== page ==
Labor & Employment

Chicago Fan Wears Packers Tie to Work on Monday and Is Fired

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John Stone says it didn’t occur to him that wearing a Green Bay Packers tie to work on Monday could get him fired.

The 34-year-old Chicago car salesman wore it in honor of his grandmother, who reportedly died this month and was also a fan of the Wisconsin football team. But after the Bears’ hometown defeat by the Packers on Sunday in the NFC championship game, there was zero tolerance for the tie at the suburban dealership for which Stone worked, the Chicago Tribune reported.

Told to take off the tie, Stone refused and was fired. The general manager at the dealership confirms this and says it spent a lot of money promoting its connection with the Chicago Bears.

But Stone wasn’t without employment prospects for long—another suburban Chicago dealership offered him a job yesterday as he was being interviewed by a local broadcaster.

Chevrolet of Homewood general manager Guy Cesario says he sympathized with Stone because he himself was a Chicago Cubs fan as he grew up amidst White Sox fans on the city’s South Side, the newspaper recounts. He also notes that a good salesman is hard to find and says he has already heard from a number of Wisconsin residents who are interested in buying a car from Stone.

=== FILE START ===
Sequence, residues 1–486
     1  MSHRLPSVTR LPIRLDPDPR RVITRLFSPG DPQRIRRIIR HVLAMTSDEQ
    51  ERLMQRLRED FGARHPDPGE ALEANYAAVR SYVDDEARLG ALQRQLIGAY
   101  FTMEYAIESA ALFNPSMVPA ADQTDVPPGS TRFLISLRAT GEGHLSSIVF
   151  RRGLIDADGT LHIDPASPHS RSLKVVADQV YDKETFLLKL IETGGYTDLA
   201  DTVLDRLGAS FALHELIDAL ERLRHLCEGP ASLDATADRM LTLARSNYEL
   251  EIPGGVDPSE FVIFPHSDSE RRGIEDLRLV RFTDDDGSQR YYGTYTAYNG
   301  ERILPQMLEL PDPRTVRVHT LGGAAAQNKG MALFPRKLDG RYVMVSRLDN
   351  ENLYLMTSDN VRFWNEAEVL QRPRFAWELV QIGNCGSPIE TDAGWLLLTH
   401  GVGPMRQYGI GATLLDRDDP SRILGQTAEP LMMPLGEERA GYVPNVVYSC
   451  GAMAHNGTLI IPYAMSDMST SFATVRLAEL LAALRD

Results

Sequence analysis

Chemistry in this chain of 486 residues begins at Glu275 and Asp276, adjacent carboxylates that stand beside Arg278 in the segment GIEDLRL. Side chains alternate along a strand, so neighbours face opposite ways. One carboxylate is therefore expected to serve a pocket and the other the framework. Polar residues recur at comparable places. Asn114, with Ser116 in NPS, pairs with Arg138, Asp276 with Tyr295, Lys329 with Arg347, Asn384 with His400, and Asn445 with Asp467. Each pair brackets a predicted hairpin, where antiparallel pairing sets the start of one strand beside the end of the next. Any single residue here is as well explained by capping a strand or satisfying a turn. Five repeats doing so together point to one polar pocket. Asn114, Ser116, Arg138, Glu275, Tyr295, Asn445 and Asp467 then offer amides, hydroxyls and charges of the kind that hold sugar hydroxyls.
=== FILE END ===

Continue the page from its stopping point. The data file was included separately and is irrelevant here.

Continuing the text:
Assuming Stone didn’t have a contract, he could be fired at will, says attorney Michael Helfand on his Chicago Real Law Blog. Although it would have been illegal to fire him based on, say, his race or religion, firing him because of what he wore or because he is a Packers fan is not illegal.

As far as his own office is concerned, Helfand notes, he is now giving current and future workers fair warning: “If you work for me and are reading this blog, if you come in to the office this summer in a Cardinals jersey, consider that your last day.”

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